Stuttgart, Germany. Daimler AG underscored the company’s commitment to technology, efficiency and sustainability at an exclusive IAA preview event held here in Stuttgart last week. Members of the press from around the world gathered to see and learn about new commercial vehicle products for the global market.
The future is all about globalization, technological leadership, efficiency, sustainability, quality and aggressive growth, explained Andreas Renschler, member of the Daimler AG Board of Management with responsibility for Daimler trucks and Daimler buses.
Vehicles displayed included a new heavy-duty delivery truck called the Mercedes-Benz Antos, a new Mercedes-Benz city van called the Citan, new transit and tour buses from Mercedes-Benz and Setra and new environmentally friendly vehicles, including the Mercedes-Benz all-electric, Vito E-Cell crewbus and the new Fuso Canter Eco Hybrid. A Sprinter van equipped with a seven-speed, automatic transmission and enhanced ESP functions also shared the event spotlight.
The Sprinter has become well-known in the U.S. The June 2012 YTD Market Share for Sprinter in the U.S. is 7.0%, up from 6.3% YTD in June 2011. Sprinter’s market share has doubled since the company reorganized the distribution network under Mercedes-Benz and Freightliner in 2010.
While most of the new vehicles shown in Stuttgart are not headed for American shores-- at least not immediately-- the vision, philosophy and technologies underpinning all the new product introductions were, in many ways, at least as important as their immediate expressions in the specific new chassis on display. They will impact every market, including North America.
Daimler’s commitment to the development of global platforms, including implementation of a modular strategy for all powertrain components, is a good example. The company has a new operating unit called Global Powertrain…. In his presentation about the “module strategy for all powertrain components,” Stefan Buchner, head of the powertrain division, said that common engines, transmissions, axles and exhaust aftertreatment systems are or will be shared across all brands around the world, including Mercedes, Freightliner and Western Star. This strategy is the key lever to realizing our economies of scale, he noted. “We have a modified and ambitious strategy in place to leverage and push our position as [the] worldwide, leading powertrain manufacturer.”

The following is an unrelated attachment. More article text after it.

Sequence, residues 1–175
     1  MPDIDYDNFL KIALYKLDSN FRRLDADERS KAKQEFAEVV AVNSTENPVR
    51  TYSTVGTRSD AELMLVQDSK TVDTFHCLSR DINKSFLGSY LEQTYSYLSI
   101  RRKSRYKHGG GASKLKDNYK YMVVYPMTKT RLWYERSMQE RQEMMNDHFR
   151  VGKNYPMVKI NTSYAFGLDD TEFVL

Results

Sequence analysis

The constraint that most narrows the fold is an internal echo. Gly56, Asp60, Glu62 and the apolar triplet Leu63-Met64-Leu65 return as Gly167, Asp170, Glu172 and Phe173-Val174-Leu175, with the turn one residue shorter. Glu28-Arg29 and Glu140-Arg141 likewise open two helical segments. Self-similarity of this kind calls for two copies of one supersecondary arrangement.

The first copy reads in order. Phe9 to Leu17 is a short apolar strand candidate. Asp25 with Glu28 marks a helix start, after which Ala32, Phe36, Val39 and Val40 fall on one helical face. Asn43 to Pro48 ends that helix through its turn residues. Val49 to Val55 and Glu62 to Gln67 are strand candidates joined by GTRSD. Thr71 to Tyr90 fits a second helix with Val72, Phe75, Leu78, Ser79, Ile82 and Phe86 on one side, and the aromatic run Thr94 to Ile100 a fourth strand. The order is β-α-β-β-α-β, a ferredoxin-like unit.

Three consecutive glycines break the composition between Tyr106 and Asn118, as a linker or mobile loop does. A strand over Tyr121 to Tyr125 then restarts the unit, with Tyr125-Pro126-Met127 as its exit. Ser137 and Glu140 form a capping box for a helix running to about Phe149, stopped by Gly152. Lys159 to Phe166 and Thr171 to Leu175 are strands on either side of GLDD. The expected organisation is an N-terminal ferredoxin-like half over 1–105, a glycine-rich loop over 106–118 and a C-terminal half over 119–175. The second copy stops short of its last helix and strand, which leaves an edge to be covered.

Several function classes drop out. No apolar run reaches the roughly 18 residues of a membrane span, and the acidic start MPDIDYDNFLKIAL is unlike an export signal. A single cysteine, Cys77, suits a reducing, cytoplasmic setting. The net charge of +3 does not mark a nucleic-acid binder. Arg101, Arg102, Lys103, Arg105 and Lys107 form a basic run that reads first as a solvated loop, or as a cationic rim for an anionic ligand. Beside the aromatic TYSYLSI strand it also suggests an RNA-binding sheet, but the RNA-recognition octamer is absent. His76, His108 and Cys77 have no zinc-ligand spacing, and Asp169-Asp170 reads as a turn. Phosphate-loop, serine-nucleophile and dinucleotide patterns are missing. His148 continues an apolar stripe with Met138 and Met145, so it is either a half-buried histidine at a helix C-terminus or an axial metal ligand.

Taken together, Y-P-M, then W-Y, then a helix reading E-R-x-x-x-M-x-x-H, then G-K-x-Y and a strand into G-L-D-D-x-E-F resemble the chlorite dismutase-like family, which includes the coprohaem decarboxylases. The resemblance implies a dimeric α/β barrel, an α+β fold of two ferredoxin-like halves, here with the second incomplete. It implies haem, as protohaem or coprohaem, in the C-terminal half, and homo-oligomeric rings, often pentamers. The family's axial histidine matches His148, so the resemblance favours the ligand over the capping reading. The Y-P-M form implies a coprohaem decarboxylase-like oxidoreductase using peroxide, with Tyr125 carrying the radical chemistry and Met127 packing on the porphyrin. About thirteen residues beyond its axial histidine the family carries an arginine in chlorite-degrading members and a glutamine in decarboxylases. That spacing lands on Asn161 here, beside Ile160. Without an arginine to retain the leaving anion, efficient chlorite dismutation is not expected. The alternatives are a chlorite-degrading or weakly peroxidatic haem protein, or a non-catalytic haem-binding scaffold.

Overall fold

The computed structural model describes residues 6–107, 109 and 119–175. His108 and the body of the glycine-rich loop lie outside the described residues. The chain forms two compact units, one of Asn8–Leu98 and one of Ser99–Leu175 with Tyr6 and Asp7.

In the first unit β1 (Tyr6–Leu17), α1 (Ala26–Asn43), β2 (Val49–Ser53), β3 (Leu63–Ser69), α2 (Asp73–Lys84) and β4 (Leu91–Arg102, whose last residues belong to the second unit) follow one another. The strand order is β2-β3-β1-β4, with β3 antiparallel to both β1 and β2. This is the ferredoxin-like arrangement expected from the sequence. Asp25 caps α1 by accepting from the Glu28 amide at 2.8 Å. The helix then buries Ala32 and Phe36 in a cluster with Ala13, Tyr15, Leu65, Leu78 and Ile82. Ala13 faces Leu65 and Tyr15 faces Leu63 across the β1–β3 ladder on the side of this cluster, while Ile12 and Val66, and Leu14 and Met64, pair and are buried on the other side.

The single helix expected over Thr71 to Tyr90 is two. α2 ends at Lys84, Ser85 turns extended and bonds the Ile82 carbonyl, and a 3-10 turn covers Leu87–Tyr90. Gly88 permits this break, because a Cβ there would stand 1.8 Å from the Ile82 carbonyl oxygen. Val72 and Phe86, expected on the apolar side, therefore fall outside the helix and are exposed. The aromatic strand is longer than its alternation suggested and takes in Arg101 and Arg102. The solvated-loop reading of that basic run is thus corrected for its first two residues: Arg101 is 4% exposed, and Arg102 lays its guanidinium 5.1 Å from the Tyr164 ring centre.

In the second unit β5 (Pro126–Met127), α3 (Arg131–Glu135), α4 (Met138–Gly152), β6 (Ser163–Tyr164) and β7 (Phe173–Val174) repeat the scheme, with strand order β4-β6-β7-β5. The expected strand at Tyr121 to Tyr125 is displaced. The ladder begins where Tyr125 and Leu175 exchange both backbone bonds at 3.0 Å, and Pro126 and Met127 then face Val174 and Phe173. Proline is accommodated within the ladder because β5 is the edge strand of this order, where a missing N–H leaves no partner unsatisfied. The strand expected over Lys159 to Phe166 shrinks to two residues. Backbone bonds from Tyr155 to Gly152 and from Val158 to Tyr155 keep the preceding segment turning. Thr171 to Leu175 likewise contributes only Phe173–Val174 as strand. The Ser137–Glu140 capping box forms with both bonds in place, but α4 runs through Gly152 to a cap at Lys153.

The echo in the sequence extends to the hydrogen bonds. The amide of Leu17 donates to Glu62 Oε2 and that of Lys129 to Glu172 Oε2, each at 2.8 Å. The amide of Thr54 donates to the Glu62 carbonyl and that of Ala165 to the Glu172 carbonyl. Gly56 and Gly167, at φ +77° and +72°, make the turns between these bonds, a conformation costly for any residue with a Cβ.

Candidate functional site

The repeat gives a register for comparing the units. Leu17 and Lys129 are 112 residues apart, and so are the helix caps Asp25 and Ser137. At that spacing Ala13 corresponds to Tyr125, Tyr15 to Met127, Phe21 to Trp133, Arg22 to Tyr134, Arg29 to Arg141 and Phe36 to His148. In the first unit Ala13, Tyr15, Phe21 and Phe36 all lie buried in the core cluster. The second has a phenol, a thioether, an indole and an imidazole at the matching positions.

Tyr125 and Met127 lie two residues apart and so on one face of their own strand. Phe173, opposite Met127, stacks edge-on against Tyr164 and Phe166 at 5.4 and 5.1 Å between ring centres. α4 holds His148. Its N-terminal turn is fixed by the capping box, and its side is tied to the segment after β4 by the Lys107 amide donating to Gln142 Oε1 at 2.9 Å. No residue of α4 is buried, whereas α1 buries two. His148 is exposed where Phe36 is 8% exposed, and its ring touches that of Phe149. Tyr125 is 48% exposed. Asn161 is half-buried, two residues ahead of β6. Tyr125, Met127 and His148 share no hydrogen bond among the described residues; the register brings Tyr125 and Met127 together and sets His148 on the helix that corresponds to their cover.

Both Buchner and Renschler cited the company’s heavy-duty engine business as an example of the benefits to be gained from developing common platforms for the global marketplace. “Our company’s growth in new markets and segments helps us to better utilize the potential of our global platforms,” noted Renschler. “As I’ve mentioned, a great example of this is the new generation of our heavy-duty engines. Around 80 percent of the parts for these engines [are] now shared worldwide. And if you consider that the powertrain makes up more than half of a truck’s cost, you can understand why this enables us to achieve great economies of scale.”
He also observed that this global parts sharing strategy “not only improves our cost structure and flexibility, but also boosts the customer utility and quality of our products.”